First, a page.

Characterization and specificity of the linear epitope of the enterovirus 71 VP2 protein

Tanja K Kiener, Qiang Jia, Xiao Fang Lim, Fang He, Tao Meng, Vincent Tak Kwong Chow, Jimmy Kwang
Virology Journal 2012, 9: 55

BACKGROUND: Enterovirus 71 (EV71) has emerged as a major causative agent of hand, foot and mouth disease in the Asia-Pacific region over the last decade. Hand, foot and mouth disease can be caused by different etiological agents from the enterovirus family, mainly EV71 and coxsackieviruses, which are genetically closely related. Nevertheless, infection with EV71 may occasionally lead to high fever, neurologic complications and the emergence of a rapidly fatal syndrome of pulmonary edema associated with brainstem encephalitis. The rapid progression and high mortality of severe EV71 infection has highlighted the need for EV71-specific diagnostic and therapeutic tools. Monoclonal antibodies are urgently needed to specifically detect EV71 antigens from patient specimens early in the infection process. Furthermore, the elucidation of viral epitopes will contribute to the development of targeted therapeutics and vaccines.

RESULTS: We have identified the monoclonal antibody 7C7 from a screen of hybridoma cells derived from mice immunized with the EV71-B5 strain. The linear epitope of 7C7 was mapped to amino acids 142-146 (EDSHP) of the VP2 capsid protein and was characterized in detail. Mutational analysis of the epitope showed that the aspartic acid to asparagine mutation of the EV71 subgenogroup A (BrCr strain) did not interfere with antibody recognition. In contrast, the serine to threonine mutation at position 144 of VP2, present in recently emerged EV71-C4 China strains, abolished antigenicity. Mice injected with this virus strain did not produce any antibodies against the VP2 protein. Immunofluorescence and Western blotting confirmed that 7C7 specifically recognized EV71 subgenogroups and did not cross-react to Coxsackieviruses 4, 6, 10, and 16. 7C7 was successfully used as a detection antibody in an antigen-capture ELISA assay.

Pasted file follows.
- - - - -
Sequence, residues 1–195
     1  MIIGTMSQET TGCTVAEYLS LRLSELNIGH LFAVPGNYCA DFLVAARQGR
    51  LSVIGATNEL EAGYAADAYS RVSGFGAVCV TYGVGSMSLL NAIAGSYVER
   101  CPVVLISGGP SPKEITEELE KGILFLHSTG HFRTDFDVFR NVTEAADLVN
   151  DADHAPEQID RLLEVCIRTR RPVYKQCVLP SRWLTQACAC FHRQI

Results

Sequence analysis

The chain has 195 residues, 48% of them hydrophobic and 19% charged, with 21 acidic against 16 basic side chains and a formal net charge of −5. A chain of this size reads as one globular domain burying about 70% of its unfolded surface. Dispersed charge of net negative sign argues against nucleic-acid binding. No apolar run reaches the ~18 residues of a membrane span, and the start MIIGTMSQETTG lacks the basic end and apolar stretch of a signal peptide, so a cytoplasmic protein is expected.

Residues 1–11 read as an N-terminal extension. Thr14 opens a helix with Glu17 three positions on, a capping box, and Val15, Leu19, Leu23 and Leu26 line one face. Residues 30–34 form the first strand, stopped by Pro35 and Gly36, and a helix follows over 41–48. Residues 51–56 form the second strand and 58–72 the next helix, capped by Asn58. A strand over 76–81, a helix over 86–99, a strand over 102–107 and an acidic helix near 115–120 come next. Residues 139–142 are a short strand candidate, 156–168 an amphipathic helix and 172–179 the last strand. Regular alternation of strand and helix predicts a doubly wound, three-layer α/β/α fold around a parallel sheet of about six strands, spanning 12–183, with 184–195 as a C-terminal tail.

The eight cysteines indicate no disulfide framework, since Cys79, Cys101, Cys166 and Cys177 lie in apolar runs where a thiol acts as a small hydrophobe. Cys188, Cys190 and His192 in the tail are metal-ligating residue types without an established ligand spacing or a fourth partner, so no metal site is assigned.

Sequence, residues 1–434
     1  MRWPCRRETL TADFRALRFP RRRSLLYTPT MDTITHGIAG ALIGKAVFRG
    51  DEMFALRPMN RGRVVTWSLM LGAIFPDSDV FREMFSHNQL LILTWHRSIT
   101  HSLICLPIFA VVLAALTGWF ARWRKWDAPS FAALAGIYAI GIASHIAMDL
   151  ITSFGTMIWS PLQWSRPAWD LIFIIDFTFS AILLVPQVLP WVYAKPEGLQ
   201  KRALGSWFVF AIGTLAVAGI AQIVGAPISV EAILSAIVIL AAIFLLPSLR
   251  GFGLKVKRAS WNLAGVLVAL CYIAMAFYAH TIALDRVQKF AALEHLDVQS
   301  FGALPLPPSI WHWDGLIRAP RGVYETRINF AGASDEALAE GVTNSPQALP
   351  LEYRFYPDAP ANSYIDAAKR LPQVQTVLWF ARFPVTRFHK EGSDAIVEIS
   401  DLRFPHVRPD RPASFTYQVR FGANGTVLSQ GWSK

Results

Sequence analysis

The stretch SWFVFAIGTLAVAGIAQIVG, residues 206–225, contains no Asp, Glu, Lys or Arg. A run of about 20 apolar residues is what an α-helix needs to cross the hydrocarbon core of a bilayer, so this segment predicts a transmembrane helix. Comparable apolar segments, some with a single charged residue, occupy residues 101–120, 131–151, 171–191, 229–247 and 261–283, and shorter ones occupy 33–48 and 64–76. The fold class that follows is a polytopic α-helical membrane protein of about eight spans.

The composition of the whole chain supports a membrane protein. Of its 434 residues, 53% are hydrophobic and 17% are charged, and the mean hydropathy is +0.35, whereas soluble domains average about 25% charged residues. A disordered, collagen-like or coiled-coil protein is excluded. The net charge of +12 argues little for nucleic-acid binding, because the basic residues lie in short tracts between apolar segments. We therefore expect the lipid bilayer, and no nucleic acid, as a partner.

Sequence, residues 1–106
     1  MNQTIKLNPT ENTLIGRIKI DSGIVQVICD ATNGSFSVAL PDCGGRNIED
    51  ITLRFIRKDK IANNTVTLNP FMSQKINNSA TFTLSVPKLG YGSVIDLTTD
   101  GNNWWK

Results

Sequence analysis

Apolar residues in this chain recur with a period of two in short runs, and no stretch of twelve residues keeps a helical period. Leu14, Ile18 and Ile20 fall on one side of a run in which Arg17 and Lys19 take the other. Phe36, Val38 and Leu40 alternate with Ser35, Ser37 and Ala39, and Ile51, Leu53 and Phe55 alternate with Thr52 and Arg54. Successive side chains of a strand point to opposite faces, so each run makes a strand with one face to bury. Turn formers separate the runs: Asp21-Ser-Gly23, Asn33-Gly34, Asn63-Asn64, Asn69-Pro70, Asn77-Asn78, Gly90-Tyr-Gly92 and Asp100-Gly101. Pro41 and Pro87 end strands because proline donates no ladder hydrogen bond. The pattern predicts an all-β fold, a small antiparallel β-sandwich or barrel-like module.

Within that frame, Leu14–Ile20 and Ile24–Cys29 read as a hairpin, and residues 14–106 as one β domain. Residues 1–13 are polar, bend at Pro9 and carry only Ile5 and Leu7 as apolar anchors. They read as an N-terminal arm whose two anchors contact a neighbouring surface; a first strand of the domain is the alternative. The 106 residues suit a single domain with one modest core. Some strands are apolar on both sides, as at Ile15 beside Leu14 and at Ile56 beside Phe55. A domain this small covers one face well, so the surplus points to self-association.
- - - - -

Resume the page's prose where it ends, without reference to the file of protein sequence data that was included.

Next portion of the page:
CONCLUSIONS: Detailed mapping showed that the VP2 protein of Enterovirus 71 contains a single, linear, non-neutralizing epitope, spanning amino acids 142-146 which are located in the VP2 protein's E-F loop. The S/T(144) mutation in this epitope confers a loss of VP2 antigenicity to some newly emerged EV71-C4 strains from China. The corresponding monoclonal antibody 7C7 was used successfully in an AC-ELISA and did not cross-react to coxsackieviruses 4, 6, 10, and 16 in immunofluorescence assay and Western blots. 7C7 is the first monoclonal antibody described, that can differentiate Coxsackievirus 16 from Enterovirus 71.

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